to lab variation in analysis of results; and cannot speciate.
types of sample are applicable when there is visible
contamination of building materials such as drywall, flooring,
insulation, wood, etc. Materials
are collected then sent directly to a lab for microbial
identification. Bulk/ surface sampling is useful in
verification of remediation.
Inexpensive; rapid spore count identification; can be
quantitative; able to differentiate between viable and
non-viable microorganisms; possible to culture and then
Destructive of building materials; may expose occupants
during collection; results do not relate directly to airborne
exposures; may not be the source of contamination.
evaluate concealed spaces without being destructive.
are qualitative and quantitative; media is easy to store and
has a long shelf-life, results
relate directly to spacial contamination and to the
contamination of the air behind the wall, cabinet space, etc;
rapid analysis of results.
Differentiation between viable and non-viable is
difficult; cannot collect samples for bacteria; lab to lab
variation in results is great; cannot speciate; the lack of
dilution ventilation may cause high levels for results that
are not representative of the problem.
Sampling for Building Surfaces:
swab sample is collected with a sterile cotton ďQ-tipĒ
applicator that has been moistened with sterile growth media.
The area to be swabbed should be performed by a person
wearing sterile latex, surgical gloves and the cotton head of
the applicator is broken off into the growth solution vial.
The vial and swabbed applicator sent to a lab for plate
culturing and counting.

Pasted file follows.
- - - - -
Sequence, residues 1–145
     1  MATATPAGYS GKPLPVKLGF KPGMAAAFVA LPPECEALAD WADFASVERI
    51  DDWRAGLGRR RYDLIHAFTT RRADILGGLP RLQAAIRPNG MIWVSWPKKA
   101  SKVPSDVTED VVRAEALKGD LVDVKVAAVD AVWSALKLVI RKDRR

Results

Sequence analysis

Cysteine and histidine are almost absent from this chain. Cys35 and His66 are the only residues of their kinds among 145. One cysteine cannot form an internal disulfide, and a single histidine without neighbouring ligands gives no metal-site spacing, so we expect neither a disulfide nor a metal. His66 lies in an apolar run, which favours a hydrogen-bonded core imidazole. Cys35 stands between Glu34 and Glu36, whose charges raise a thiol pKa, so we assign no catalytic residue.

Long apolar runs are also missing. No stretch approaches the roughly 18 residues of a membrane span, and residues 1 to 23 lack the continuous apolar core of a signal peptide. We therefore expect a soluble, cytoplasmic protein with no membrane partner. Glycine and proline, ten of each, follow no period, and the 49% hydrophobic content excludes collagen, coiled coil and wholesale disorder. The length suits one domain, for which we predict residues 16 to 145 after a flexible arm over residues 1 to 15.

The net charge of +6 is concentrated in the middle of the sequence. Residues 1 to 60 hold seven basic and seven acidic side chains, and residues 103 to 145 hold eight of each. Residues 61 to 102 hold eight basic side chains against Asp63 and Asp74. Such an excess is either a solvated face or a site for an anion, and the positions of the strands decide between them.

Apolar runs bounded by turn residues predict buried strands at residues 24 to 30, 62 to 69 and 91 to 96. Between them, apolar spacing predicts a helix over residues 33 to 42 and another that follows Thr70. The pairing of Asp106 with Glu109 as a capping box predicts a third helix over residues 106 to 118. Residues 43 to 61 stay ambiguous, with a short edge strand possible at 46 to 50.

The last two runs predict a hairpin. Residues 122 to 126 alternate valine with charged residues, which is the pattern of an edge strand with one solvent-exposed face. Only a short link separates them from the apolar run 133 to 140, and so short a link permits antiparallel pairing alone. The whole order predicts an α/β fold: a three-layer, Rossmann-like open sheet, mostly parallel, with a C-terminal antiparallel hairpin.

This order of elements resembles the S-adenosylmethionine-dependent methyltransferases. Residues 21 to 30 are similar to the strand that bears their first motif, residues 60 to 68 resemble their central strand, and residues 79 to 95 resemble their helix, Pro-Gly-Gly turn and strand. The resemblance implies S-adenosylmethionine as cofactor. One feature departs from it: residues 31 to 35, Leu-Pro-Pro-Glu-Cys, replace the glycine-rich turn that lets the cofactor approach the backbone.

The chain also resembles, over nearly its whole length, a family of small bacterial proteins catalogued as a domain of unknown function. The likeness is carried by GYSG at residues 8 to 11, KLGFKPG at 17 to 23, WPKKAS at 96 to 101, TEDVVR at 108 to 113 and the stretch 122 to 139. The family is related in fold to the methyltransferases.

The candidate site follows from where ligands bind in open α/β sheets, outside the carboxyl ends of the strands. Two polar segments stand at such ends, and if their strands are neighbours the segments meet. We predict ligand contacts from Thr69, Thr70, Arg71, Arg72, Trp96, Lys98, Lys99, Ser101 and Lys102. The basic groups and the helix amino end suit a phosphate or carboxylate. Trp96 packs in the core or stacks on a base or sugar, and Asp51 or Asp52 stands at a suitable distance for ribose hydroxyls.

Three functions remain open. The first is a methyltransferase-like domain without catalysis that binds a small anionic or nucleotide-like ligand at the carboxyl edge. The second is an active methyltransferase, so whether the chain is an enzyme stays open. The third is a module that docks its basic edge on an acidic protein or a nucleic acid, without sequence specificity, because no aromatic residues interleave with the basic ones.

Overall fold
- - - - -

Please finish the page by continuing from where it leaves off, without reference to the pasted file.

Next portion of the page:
non-destructive; rapid analysis for spore counts; results can
be quantitative and cultured for speciation; sampling can be
performed on irregular surfaces.
Results do not relate directly to airborne exposures;
fungal structures may be damaged during collection causing
identification of the mold to be less accurate; spores may
germinate before lab analysis; may miss presence of organisms
in porous materials; and sample collection does not work well
on dry surfaces.
The ProLab Mold Test Kit:
Offers three (3) different types of sampling methods,
depending on your application needs:
Method 1: taking a sample from a visual growth area.
The same as bulk/surface sampling (covered above).
Method 2: taking a 10 minute grab air sample of the
HVAC system. This is done by placing a petri dish over a
register, closing all other registers, and turning the HVAC
system fan on and sampling for 10 minutes. Close the plate up
and allow it to incubate for a couple of days.
Method 3: taking an air sample using a settling
plate technique. This is simply done by placing an open petri
dish somewhere in a room for like an hour, closing it up, and
allowing the plate to incubate for a couple of days.
Pros: Results may relate to airborne
exposures; qualitative results; it is possible to speciate;
results can be compared to bulk, tape, or swab results in
order to find amplification sites: Methods 2 & 3 are
beneficial for finding mold in the HVAC system.
Cons: Time consuming for analysis; only
isolates viable (living) organisms; some fungi may overgrow
others leading to an unclear picture about what is present;
and the samples are perishable if not handled properly and
carefully; would not be quantitative since it does not employ
using a specified flow rate, therefore you cannot calculate a
quantity in a sample of air.
Signs of Mold -
22 signs that you may have a potential mold problem in your
home or building.
How to Find Mold
- Where to look and ways to uncover mold growth in your
home or building.